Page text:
This is fair enough as your subjective opinion. My plausible and general impression after close reading of AC's Confessions, is that AC made up his story about his The Book of the Law being received from divine origins, exactly for the purpose of making a religion. And that this religion had the benign purpose of also helping the majority of persons - with little or no inclination for achieving enlightenment on their own, or for finding their true will on their own - by creating an environment for them to live in, which was informed by the benign influence of enlightened adepts. This benign environment, and how AC envisioned it, are covered in some more detail on this forum, in the 20 page thread called 'Politics and Thelema', containing many postings from our well-informed - on matters regarding details about Aleister Crowley - fellow member Patriarch156.

"Azidonis" wrote:
L. Ron Hubbard, on the other hand, begged/borrowed/stole whatever he could in order to make this "mythos" appealing to the public. It's a scam. The only reason the system even stands halfway up is due to the core parts he took, parts which no man can copyright.

One might also suggest that AC made up the story around the 1904 reception of The Book of the Law in the Egyptian capital Cairo, "in order to make this "mythos" appealing to the public."

That Aleister Crowley's social skills were questionable, and his business skills non-existent, as stated by Bill Heidrick 1 minute and 12 seconds into the hyper-link below, left him with a huge disadvantage compared with L. Ron Hubbard, in establishing a successful, and economically viable worldwide movement.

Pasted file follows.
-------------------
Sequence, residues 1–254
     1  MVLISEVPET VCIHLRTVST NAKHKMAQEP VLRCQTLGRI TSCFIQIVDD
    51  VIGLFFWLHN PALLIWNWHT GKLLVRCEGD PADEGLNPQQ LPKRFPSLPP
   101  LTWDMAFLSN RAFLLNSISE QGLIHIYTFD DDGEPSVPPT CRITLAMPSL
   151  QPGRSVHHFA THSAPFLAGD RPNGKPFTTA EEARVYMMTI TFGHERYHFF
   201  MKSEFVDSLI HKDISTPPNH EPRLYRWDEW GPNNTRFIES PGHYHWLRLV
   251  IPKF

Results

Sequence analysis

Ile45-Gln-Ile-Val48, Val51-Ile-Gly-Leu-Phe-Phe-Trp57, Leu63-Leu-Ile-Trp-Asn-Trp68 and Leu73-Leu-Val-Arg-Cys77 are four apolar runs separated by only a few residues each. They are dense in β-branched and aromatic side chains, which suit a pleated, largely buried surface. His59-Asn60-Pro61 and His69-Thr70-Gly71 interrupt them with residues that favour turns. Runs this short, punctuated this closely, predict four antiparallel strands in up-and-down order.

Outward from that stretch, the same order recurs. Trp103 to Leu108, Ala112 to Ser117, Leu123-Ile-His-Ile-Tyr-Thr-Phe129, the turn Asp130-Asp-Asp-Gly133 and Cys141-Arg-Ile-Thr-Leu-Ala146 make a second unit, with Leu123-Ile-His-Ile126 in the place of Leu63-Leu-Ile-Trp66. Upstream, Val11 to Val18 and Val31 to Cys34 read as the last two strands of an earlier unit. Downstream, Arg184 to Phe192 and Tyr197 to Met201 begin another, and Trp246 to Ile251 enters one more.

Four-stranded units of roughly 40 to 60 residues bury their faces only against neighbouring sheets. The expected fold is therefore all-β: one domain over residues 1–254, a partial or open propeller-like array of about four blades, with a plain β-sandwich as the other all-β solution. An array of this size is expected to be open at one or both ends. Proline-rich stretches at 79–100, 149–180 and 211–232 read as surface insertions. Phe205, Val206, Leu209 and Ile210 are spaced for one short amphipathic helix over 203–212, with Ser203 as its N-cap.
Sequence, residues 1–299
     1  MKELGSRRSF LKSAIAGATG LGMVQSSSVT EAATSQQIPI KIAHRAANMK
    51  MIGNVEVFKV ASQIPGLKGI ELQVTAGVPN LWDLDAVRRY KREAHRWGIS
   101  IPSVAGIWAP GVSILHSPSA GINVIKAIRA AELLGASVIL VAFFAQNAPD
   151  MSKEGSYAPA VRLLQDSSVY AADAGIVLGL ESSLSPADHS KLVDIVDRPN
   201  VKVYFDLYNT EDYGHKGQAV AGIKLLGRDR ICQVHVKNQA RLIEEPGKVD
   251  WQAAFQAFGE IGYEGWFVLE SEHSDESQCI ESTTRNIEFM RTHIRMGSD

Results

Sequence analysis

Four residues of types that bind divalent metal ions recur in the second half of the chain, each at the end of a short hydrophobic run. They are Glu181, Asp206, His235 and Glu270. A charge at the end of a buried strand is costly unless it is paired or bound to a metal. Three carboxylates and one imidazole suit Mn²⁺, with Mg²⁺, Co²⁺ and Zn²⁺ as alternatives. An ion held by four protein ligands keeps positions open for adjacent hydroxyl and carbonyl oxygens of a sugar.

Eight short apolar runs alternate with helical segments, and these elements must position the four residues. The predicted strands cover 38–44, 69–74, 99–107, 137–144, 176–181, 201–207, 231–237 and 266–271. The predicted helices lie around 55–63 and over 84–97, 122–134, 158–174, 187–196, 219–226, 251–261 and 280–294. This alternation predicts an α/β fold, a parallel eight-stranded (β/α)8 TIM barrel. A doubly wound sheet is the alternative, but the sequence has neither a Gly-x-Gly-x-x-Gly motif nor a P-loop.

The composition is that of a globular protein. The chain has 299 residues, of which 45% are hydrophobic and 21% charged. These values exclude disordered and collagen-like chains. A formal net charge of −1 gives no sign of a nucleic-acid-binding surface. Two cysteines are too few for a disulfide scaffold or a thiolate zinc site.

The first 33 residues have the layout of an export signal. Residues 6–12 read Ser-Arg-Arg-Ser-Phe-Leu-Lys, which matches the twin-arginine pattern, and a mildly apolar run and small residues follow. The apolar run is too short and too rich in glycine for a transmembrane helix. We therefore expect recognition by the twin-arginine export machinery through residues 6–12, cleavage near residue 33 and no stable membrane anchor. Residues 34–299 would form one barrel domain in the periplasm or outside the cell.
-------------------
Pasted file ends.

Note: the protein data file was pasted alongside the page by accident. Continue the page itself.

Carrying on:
http://www.youtube.com/watch?v=oJwyw06ea6A - Aleister Crowley

Ah, what an Anniversary, now for some rest!


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Azidonis
(@azidonis)
Member
Joined: 14 years ago
Posts: 2964
20/11/2010 8:22 pm  

93,

"wellredwellbred" wrote:
Hope this is not to long for you, as in what you describe as a "wall of words", or to short for you, as in: Thelema = Moral relativism.

I just wish you would put a space between the quotes so I didn't have to go into the middle of a paragraph to find the next {quote} to grab... whatever.

"Azidonis" wrote:
Look at the type of people that Scientology attracts. If I wanted to be associated with that type of person I would be a Scientologist.

Are you here belitteling those attracted to the Scientology related to LRH, in comparison to those attracted to the Thelema related to AC?

Nope. I'm saying you are what you eat, plain and simple. You can make your own comparisons between the two types.

"Azidonis" wrote:
Are you saying that Goldman-Sachs was right in what they did because they found loopholes in the man-made laws?

No, man-made laws are of minimal or no relevance to L. Ron Hubbard possibly being inspired by Aleister Crowley, as a main purpose of AC's writings for the Thelema related to him, was to help his fellow beings in finding their so called true will. If much of AC's Thelema was an inspiration for L. Ron Hubbard, in the latter finding and doing his true will by developing what eventually became Scientology, then AC helped L. Ron Hubbard, and then this is one example of AC succeeding with a main purpose of his books on Thelema, namley of helping others.

Did he give Crowley credit for this assistance (assuming he received it in some way)?

And who are you Azidonis, to decide that one can not find and do one's 'true will' within the Scientology related to LRH?

I never said one couldn't do one's Will as a Scientologist. In fact, I don't believe I gave any indications that the system was not viable... only that it was plagiarized.

Maybe L. Ron Hubbard actually experienced himself as being helped by AC through the latter's books on Thelema, and maybe this was a reason for L. Ron Hubbard in a recorded lecture, (on youtube called 'Hubbard on Crowley'), later describing AC as "my very good friend". But there is little 'evidence' to indicate that L. Ron Hubbard lifted and copied most of AC's Thelema, and just changed the name.